I can only hope this affair does not dessiccate Wesley So’s desire. If one watches the interviews with Mr. So during the US Chess Championship he will see a dramatic change in Wesley as the tournament progressed. Hopefully, this will fire him up and prod Wesley to play the kind of chess of which he is capable culminating in a match for the World Chess Championship.

Programmers Attack Go With Brute Force

Last June an article by Jonathan Schaeffer, Martin Müller & Akihiro Kishimoto, AIs Have Mastered Chess. Will Go Be Next? was published. “Randomness could trump expertise in this ancient game of strategy,” followed. “Jonathan Schaeffer, a computer science professor at the University of Alberta, in Canada, had been creating game-playing artificial intelligence programs for 15 years when Martin Müller and Akihiro Kishimoto came to the university in 1999 as a professor and graduate student, respectively. Kishimoto has since left for IBM Research–Ireland, but the work goes on—and Schaeffer now finds it plausible that a computer will beat Go’s grand masters soon. “Ten years ago, I thought that wouldn’t happen in my lifetime,” he says.” (

Jonathan Schaeffer is the man behind Chinook, the computer program that solved Checkers. You can find the paper, Checkers is Solved, to learn about the proof here: (
He has also revised his book first published in 1997, One Jump Ahead: Computer Perfection at Checkers, which I read years ago. Jonathan Schaeffer is like E. F. Hutton in that when he talks about a computer game program, you listen.

For years I have followed news of computer Go programs. Before sitting down to punch & poke I searched for the latest news, coming up empty. This as good news for humans because Go is the last board game bastion holding against machine power. It is also the world’s oldest, and most complicated, board game. It “originated in ancient China more than 2,500 years ago. It was considered one of the four essential arts of a cultured Chinese scholar in antiquity. Its earliest written reference dates back to the Confucian Analects.” (

Schaeffer and his group have developed a Go-playing computer program, Fuego, an open-source program that was developed at the University of Alberta. From the article, “For decades, researchers have taught computers to play games in order to test their cognitive abilities against those of humans. In 1997, when an IBM computer called Deep Blue beat Garry Kasparov, the reigning world champion, at chess, many people assumed that computer scientists would eventually develop artificial intelligences that could triumph at any game. Go, however, with its dizzying array of possible moves, continued to stymie the best efforts of AI researchers.”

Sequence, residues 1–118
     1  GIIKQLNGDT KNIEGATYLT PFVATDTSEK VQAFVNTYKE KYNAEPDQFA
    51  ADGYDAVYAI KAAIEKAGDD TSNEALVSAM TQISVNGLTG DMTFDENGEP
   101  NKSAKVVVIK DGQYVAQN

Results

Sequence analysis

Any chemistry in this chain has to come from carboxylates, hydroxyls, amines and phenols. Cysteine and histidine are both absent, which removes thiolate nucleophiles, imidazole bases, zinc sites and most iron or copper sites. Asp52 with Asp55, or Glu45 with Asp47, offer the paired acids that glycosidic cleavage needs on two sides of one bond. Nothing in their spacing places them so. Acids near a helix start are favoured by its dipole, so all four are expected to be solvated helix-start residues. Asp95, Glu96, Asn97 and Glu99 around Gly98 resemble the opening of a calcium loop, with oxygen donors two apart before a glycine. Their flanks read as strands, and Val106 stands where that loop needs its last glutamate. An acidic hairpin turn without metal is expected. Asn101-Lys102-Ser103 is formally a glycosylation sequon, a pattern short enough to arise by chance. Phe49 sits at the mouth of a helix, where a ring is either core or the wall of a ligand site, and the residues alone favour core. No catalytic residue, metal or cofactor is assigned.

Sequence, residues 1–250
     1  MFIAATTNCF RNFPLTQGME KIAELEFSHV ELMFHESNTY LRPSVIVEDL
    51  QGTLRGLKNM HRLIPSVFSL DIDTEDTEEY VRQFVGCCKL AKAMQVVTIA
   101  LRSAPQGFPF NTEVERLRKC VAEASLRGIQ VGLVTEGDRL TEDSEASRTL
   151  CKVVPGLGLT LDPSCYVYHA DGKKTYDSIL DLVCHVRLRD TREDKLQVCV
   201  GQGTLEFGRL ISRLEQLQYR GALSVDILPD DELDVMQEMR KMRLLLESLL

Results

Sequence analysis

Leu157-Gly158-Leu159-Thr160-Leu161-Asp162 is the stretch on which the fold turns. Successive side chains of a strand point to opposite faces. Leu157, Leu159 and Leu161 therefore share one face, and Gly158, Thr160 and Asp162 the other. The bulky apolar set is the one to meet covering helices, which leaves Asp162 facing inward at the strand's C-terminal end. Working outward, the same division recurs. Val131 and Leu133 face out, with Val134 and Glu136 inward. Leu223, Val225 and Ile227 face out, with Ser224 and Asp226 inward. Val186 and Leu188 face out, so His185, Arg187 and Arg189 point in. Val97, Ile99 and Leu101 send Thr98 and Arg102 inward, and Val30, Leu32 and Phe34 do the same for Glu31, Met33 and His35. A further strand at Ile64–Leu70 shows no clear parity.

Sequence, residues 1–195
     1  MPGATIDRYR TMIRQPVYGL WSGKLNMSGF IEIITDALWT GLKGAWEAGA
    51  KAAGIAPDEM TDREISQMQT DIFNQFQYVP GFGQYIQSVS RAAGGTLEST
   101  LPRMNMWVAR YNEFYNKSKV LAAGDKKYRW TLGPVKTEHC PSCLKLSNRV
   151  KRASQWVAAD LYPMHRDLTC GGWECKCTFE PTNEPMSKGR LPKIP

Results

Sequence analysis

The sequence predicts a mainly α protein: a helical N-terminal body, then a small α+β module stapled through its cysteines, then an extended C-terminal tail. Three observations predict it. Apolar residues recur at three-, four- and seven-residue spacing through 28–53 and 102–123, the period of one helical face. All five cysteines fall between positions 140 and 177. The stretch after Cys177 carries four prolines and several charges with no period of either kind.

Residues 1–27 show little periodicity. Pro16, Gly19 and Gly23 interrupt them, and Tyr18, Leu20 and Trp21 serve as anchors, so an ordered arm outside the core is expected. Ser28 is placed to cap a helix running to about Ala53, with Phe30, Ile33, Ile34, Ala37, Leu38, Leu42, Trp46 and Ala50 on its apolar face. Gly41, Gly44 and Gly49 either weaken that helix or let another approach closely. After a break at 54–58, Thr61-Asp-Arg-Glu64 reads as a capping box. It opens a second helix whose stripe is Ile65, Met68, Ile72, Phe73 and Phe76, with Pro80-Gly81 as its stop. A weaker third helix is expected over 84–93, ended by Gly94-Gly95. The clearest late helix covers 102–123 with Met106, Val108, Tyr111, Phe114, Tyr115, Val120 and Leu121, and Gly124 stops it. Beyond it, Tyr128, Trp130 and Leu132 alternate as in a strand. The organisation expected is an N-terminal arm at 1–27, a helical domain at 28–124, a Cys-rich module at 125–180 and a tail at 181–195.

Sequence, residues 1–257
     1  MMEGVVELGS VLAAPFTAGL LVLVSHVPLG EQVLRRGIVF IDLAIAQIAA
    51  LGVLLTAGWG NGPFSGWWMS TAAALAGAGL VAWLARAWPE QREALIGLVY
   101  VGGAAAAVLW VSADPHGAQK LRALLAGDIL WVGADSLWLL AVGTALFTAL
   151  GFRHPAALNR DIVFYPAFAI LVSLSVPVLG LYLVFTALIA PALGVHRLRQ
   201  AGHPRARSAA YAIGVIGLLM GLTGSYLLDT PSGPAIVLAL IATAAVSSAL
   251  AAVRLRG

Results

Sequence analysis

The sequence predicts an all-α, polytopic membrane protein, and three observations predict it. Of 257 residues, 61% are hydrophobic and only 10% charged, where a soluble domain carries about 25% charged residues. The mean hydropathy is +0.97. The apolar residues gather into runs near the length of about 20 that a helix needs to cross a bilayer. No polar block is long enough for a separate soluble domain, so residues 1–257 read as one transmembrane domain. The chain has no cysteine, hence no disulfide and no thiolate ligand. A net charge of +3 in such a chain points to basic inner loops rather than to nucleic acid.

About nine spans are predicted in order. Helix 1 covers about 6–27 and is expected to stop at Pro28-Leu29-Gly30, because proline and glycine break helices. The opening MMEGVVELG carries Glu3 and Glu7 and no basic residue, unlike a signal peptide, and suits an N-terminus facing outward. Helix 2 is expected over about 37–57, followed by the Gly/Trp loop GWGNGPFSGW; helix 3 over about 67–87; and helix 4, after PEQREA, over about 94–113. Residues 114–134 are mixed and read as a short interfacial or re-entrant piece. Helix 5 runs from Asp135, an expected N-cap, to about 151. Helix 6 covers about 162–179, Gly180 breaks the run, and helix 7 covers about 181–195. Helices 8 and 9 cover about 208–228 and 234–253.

In 2009 Fuego “…defeated a world-class human Go player in a no-handicap game for the first time in history. Although that game was played on a small board, not the board used in official tournaments, Fuego’s win was seen as a major milestone.”

They write, “Remarkably, the Fuego program didn’t triumph because it had a better grasp of Go strategy. And although it considered millions of possible moves during each turn, it didn’t come close to performing an exhaustive search of all the possible game paths. Instead, Fuego was a know-nothing machine that based its decisions on random choices and statistics.”

I like the part about it being a “know-nothing machine.” I have often wondered if humans, like Jonathan Schaeffer, who are devoting their lives to the development of “thinking” machines, will be reviled by future generations of humans as is the case in the Terminator movies. It could be that in the future humans will say, “Hitler was nothing compared to the evil SCHAEFFER!” If I were supreme world controller a command would be issued ending the attempts to crack Go, leaving my subjects one beautiful game not consigned to the dustbin of history, as has been the fate of checkers. I fear it is only a matter of time before chess meets the same fate. GM Parimarjan Negi was asked in the “Just Checking” Q&A of the best chess magazine in the history of the universe, New In Chess 2014/6, “What will be the nationality of the 2050 World Champion?” He answered the question by posing one of his own, “Will we still have a world championship?” Good question. I would have to live to one hundred to see that question answered. Only former President of the GCA, and Georgia Senior Champion, Scott Parker will live that long, possibly still be pushing wood in 2050, if wood is still being pushed…